There’s a lot of discussion in Chelsea – and elsewhere – around affordable housing these days, and while the municipality isn’t typically known for this, that’s about to change.
A local developer’s project will be the first in the municipality to qualify under the affordability, accessibility and climate compatibility criteria set by a Canada Mortgage and Housing Corporation (CMHC) program.
The program, called MLI Select, offers developers insurance incentives based on a project’s ability to meet modern sustainable development goals.
The project at 185 Ch. Old Chelsea is on track to be completed between December 2023 and January 2024. It is already drawing interest from businesses and potential tenants, according to InHarmony Developments founder, president and CEO Marc Shank. Excavation is currently underway for the site.
The modern mixed-use project in the heart of Chelsea will include: 30 residential units, six of them one-bedroom, which are located on the bottom floor and are geared towards accessibility.
The project will also include 24 two-bedroom residential units along with six commercial units.
Six multi-residential buildings, each three-storeys tall, will consist of a ground floor commercial unit facing Old Chelsea road, an accessible ground floor one-bedroom studio unit and five, two-bedroom residential units.
Three of the units will be allotted as affordable, which is measured at 30 per cent of the regional median income for renters, spread out over a year. The approximate median income for a renter of the project would be measured at around $40,000, but a revised number will be confirmed when the affordable units are offered, said Shank.
InHarmony Developments is placing a major emphasis on being environmentally-friendly with this project, said Shank.
The project is being developed on what was once a contaminated brownfield, which was fully cleaned in the fall of 2022, in accordance with the Quebec Ministry of Environment and Environment Canada specification, explained Shank.
He added that the development will not be connected to a nearby gas line: “The gas [is] right there. Like right on our side of the road. [But] we will be purposely committed to reducing our carbon footprint.”
All of the materials for the project are being locally sourced at a maximum of 600 to 700 kilometres from Chelsea, according to Shank.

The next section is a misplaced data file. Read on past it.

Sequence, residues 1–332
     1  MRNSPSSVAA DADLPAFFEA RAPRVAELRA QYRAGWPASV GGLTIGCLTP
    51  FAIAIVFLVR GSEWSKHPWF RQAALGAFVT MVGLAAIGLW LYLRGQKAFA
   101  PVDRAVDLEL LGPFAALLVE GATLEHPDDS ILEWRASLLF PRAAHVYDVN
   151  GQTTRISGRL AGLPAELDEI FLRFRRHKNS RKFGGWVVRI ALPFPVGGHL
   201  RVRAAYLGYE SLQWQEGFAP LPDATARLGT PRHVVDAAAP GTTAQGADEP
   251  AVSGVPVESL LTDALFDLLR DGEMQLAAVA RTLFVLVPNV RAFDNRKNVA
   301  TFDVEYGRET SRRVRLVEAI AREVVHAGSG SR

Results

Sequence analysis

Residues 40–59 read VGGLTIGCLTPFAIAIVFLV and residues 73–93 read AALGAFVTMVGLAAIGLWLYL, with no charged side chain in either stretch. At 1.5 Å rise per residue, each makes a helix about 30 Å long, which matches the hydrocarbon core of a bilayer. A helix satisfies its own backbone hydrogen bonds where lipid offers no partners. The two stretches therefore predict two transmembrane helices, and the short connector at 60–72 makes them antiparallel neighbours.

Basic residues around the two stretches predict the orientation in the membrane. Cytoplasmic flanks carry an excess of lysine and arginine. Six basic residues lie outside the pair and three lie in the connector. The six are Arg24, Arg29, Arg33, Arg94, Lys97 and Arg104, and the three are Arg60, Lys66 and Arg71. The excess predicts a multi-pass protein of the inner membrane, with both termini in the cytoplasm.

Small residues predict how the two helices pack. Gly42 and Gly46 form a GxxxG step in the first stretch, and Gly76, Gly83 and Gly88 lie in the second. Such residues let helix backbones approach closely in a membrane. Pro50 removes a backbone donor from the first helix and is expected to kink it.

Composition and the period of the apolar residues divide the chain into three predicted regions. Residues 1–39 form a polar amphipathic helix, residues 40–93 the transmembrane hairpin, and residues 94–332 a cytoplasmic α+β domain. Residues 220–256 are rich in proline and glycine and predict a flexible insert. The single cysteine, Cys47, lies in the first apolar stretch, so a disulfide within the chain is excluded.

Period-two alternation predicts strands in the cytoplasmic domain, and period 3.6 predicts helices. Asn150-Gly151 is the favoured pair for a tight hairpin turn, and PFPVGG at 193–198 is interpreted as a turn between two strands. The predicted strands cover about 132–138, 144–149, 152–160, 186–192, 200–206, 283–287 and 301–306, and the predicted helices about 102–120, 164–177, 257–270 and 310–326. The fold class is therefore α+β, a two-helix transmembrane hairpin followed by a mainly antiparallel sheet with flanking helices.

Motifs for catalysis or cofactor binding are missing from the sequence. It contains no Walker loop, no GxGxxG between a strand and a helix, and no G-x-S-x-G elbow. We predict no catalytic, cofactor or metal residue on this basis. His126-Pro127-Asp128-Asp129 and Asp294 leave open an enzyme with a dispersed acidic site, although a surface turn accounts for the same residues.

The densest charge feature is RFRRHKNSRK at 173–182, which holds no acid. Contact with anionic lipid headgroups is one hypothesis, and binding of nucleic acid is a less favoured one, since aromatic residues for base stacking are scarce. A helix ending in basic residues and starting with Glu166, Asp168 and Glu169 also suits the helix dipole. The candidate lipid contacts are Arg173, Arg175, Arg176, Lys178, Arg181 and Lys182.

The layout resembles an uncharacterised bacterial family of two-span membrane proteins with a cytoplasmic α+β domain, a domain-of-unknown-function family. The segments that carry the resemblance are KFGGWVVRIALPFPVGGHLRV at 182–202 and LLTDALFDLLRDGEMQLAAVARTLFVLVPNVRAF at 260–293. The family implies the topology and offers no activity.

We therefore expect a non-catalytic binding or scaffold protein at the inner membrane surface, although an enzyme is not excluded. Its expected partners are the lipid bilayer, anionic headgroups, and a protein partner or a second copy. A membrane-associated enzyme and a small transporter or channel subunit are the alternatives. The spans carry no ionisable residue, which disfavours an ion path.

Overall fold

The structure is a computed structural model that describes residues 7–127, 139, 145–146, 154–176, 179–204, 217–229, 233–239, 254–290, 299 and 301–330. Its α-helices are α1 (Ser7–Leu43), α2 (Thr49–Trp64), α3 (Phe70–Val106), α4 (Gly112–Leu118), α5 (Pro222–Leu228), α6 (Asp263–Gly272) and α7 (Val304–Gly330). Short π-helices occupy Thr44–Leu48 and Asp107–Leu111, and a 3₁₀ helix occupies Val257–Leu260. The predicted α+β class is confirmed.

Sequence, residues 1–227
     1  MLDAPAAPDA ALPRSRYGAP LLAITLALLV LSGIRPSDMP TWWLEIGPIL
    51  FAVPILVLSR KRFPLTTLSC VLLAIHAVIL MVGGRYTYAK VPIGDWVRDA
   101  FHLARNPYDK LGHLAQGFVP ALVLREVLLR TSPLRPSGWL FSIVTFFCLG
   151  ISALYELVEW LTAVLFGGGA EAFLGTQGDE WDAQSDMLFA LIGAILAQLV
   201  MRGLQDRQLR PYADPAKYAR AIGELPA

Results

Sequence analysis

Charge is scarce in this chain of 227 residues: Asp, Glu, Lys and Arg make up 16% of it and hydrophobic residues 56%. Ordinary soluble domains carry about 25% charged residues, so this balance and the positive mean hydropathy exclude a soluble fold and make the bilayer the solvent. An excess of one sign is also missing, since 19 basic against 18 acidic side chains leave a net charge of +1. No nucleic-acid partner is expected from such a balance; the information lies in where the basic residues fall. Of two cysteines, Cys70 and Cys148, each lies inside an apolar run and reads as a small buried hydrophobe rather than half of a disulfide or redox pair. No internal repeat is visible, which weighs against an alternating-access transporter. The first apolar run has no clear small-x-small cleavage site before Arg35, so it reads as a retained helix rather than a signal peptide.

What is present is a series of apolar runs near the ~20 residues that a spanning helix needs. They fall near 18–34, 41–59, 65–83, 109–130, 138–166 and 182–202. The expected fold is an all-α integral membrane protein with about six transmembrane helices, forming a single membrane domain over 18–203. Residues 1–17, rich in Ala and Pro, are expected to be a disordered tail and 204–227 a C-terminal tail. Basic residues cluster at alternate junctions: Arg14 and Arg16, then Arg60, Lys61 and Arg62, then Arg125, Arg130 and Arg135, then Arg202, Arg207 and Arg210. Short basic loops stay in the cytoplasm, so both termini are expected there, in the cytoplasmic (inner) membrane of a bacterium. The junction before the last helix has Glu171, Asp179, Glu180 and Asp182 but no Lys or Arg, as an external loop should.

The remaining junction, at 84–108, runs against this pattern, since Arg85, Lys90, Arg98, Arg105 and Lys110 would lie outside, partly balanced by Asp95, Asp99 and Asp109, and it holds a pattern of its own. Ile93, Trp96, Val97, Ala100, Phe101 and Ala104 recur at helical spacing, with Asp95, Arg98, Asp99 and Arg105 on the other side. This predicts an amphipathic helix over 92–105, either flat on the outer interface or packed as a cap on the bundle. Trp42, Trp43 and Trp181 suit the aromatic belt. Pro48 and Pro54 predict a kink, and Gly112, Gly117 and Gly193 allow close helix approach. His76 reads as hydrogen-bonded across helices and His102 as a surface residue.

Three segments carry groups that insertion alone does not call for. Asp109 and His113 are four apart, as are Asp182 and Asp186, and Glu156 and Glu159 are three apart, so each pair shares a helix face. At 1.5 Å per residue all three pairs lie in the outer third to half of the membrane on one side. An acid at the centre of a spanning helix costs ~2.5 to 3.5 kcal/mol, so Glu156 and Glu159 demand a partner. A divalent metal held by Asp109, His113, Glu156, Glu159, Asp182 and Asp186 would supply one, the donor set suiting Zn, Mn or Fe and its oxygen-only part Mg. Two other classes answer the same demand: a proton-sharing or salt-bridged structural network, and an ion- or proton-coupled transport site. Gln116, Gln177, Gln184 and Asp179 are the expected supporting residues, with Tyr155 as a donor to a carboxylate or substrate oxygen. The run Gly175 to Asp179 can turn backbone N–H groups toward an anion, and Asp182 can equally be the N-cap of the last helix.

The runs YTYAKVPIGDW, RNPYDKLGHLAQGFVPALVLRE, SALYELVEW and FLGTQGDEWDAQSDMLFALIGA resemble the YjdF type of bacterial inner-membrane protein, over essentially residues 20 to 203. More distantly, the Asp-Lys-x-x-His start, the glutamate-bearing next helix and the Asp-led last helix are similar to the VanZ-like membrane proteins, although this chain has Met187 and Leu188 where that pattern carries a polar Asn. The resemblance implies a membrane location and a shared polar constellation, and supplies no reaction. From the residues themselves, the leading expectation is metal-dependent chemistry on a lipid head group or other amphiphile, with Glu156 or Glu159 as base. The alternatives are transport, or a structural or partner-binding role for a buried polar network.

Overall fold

“It seems [like] a lot, but a bulk of these materials are produced in Quebec or Ontario,”
said Shank. The project will use heat pumps as an energy efficient source for heating and cooling, he said.
The development is designed to exceed provincial and national building standards in 2017 by 25 to 40 per cent for energy performance and building materials, according to Marc-Alexander Shank, the project manager for InHarmony Developments - not to be confused with owner and CEO Marc Shank.
The project will also promote active transportation, electric vehicles and ridesharing, by limiting parking space to one vehicle per apartment – a reduction from the benchmark of two – and including eight electric vehicle charging stations, a communal car-sharing program and mobility lanes, according to Marc-Alexander.
“We’re quite content and happy with it. From an operational perspective, once it’s built we’ll be able to potentially say that it’s a carbon neutral footprint,” said Shank.
Although advertising for the project hasn’t begun, InHarmony Developments has opened its pre-leasing list and is encouraging Chelsea residents to apply before the company lists the units to the wider public.
“We wanted people that are local to have, to a certain extent, first dibs on the units,” said Marc-Alexander.
InHarmony Developments will be sharing updates on the project as it progresses with the Ward 2 Residents’ Association, according to Shank.
“If anybody wants additional information, ideally they can reach out directly to the Ward 2 Residents’ Association,” he said.